Have you ever reviewed your pay stub and entertained thoughts of taking an early retirement? Suppose you are age 55 and could take home 60% of your pay if you were to retire now. If you are a high earner, it may seem that this amount would allow you to retire in reasonable comfort. However, before calling it quits, weigh all the facts carefully to be sure an early retirement makes sound financial sense.
Consider the following. . .
Lost Earnings. Retiring at age 55 with, hypothetically, 60% of your income may seem like a good deal at first. But, if you wait until age 65 to retire, you will have gathered another ten years of full earnings under your belt, along with any increases for promotions, merit raises, and inflation. This alternative will provide you with more money to save for retirement, and may also ultimately boost your Social Security and pension benefits. Also, if you consider the difference between the percents you will receive now and what you’ll receive in ten years¾for example, 60% if you leave now, versus 80% if you retire in ten years¾leaving now may not look so good after all.
Effect of Inflation. If you still think you can manage on, say, 60% of your income, remember that inflation will erode your pension. If you retire today on $1,600 per month, in 20 years at a 4% rate of inflation you will have the equivalent of only $707 in today’s dollars.
Life Expectancy. The longer you live, the greater inflation’s effects will be. For instance, if you retire at age 53 and your life expectancy is 83, you may have 30 years to support yourself on today’s fixed income. However, if you are still living at age 83, statistics show you could have another eight years to live. So, instead of needing to fund a 30-year retirement, you may actually require resources for 38 years—a shortfall you may want to be sure to guard against!
Other Retirement Income. If you already have a sizable retirement nest egg, or if you expect to collect a pension from a previous employer, the size of the pension you could get from your current employer may not be especially critical. If that is the case, perhaps you can feel financially secure in leaving the work world behind, since you will have other funds to rely on.
However, don’t make the mistake of expecting Uncle Sam to provide most of your retirement income. Also, the future of Social Security is uncertain, and cutbacks in other government programs, such as Medicaid and Medicare, may require you to provide even more of your own funds.
Post-Retirement Employment. If you do decide to leave your present company, are you banking on securing employment elsewhere to supplement your pension? The prospect of earning ongoing income may make it possible to consider early retirement. However, it is important to bear in mind that it may be difficult to find another equally high-paying position. Be sure of the earnings and longevity you can expect from your next job before depending on it for income until you permanently retire.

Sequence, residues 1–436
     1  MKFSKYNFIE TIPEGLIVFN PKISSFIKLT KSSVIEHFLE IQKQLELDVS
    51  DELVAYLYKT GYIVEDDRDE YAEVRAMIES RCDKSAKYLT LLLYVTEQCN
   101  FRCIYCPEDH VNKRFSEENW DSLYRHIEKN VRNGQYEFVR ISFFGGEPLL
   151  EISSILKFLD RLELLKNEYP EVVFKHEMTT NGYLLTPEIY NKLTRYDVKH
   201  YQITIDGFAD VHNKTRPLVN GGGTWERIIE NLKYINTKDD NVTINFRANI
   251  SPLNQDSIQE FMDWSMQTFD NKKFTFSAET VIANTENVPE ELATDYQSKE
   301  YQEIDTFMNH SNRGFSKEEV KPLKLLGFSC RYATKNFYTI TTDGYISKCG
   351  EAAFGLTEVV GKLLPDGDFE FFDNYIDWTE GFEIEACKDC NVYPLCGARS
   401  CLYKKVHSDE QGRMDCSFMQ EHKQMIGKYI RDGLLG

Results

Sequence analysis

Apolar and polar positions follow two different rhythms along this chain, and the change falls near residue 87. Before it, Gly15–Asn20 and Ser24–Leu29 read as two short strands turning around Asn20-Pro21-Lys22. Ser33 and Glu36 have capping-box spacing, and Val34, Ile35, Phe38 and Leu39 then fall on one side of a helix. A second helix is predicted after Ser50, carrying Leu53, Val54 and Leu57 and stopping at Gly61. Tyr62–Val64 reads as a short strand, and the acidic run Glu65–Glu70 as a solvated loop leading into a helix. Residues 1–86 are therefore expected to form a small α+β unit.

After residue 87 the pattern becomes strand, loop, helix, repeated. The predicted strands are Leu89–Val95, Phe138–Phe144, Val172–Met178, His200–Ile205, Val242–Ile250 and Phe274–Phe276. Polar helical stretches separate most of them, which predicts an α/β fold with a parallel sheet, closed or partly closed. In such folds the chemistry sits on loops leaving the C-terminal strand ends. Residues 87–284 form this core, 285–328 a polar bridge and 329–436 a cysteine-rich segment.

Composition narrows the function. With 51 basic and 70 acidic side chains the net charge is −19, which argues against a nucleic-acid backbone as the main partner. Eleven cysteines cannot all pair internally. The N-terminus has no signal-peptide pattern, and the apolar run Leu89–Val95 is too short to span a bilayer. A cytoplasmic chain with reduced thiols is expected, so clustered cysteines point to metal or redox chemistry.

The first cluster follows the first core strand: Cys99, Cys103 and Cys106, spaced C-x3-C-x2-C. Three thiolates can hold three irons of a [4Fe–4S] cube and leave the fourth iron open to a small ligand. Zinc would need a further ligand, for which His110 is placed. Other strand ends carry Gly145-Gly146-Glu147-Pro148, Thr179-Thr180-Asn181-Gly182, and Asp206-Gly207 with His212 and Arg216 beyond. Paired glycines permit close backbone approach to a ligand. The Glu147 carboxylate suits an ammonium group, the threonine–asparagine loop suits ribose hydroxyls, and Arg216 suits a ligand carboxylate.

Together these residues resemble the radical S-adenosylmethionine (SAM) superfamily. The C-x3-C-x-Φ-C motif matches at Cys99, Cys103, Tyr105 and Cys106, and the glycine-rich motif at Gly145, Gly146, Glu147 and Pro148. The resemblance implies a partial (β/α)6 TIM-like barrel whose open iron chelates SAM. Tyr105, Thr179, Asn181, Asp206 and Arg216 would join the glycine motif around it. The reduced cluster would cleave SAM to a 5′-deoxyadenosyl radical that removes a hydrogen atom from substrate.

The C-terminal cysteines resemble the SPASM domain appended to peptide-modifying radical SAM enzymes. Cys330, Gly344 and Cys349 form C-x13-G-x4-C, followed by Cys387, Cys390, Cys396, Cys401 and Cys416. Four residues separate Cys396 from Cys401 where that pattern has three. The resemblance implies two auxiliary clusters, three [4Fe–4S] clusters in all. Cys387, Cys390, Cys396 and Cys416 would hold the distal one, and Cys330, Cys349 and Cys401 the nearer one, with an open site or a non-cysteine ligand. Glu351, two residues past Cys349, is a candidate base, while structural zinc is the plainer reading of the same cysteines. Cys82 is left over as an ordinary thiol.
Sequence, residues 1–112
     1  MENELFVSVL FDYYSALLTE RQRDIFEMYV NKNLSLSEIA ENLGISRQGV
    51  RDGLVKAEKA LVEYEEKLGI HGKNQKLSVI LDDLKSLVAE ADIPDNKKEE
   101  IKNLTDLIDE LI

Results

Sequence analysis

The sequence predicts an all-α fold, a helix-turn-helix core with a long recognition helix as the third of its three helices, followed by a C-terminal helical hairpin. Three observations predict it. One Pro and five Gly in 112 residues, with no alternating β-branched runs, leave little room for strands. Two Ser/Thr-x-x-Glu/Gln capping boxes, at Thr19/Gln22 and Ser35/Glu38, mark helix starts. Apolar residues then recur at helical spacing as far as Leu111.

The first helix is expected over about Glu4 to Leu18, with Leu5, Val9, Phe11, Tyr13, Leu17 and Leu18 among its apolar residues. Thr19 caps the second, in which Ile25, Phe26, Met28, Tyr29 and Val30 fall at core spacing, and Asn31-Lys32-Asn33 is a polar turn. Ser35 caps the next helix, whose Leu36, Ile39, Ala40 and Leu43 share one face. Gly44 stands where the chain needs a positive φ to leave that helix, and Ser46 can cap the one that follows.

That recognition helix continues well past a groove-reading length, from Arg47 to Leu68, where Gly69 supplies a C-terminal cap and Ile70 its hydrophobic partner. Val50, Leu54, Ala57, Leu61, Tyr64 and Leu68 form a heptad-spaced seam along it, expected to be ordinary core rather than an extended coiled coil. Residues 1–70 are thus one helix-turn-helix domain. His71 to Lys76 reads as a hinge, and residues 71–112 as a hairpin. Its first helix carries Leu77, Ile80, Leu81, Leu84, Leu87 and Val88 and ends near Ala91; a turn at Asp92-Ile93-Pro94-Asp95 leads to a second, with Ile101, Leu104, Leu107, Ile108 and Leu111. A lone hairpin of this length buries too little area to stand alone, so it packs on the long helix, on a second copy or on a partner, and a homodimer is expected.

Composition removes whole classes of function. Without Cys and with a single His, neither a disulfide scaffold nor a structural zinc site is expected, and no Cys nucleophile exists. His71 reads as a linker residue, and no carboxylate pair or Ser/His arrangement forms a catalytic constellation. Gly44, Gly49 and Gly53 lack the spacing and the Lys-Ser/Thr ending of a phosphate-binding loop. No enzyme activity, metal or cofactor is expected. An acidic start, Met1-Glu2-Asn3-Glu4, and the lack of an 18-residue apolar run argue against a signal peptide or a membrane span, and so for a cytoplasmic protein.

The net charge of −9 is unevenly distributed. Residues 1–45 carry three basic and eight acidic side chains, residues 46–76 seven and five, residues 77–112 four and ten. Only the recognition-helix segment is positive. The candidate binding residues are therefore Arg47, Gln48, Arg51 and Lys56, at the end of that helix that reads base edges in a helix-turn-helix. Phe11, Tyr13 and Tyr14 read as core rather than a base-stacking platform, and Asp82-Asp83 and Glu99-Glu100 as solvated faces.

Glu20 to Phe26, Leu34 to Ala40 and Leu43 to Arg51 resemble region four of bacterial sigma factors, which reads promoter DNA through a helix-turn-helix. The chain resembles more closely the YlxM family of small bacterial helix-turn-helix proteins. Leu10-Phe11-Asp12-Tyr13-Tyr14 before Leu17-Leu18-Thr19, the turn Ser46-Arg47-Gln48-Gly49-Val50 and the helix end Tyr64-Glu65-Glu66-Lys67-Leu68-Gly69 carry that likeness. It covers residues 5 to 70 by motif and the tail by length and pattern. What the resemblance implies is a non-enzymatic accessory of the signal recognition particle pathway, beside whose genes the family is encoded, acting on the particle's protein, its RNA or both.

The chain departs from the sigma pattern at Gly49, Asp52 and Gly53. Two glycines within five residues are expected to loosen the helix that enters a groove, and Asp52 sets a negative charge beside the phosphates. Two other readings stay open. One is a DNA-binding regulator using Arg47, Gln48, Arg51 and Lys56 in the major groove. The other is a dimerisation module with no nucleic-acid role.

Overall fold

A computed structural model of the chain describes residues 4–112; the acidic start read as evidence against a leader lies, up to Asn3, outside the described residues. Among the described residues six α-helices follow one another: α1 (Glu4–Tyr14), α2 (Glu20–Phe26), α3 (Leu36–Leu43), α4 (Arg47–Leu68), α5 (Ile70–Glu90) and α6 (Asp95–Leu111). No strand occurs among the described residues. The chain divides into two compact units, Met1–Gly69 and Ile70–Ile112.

Social Security “Giveback.” The first factor you’ll need to consider is your age and the so-called "giveback." If you are under full retirement age (66 to 67 depending on your year of birth), and continue working after you begin collecting Social Security, you have to “give back” $1 in benefits for every $2 earned above the annual earnings limit ($15,720 for 2015) until the year you reach full retirement age. For the year full retirement age is attained, and until the actual month in which it is reached, your benefits will be reduced by $1 for every $3 earned above $41,880. No earnings “giveback” is required after you reach full retirement age.
Taxation on Social Security Benefits. You should also know that if you continue working after you begin collecting Social Security, a portion of your Social Security benefits may be taxed. The calculation to determine how much of your benefits will be included in your gross taxable income is somewhat complicated. For more information, contact the Social Security Administration.
Threat of Being “Downsized.” Is there a chance your company will lay you off if you do not elect to leave on your own? Many companies now lay off high earners as part of their cost-cutting measures. If your company is experiencing financial difficulties and “downsizing” appears imminent, you may get a better deal through early retirement than through the company’s severance package.
In summary, early retirement may be desirable, and certainly has psychological appeal. Yet, before calling it quits, it is important to analyze your situation carefully. You will have to live with the effects of your decision for the rest of your life. Consider taking the time up front to make sure your decision will hold up for the long run.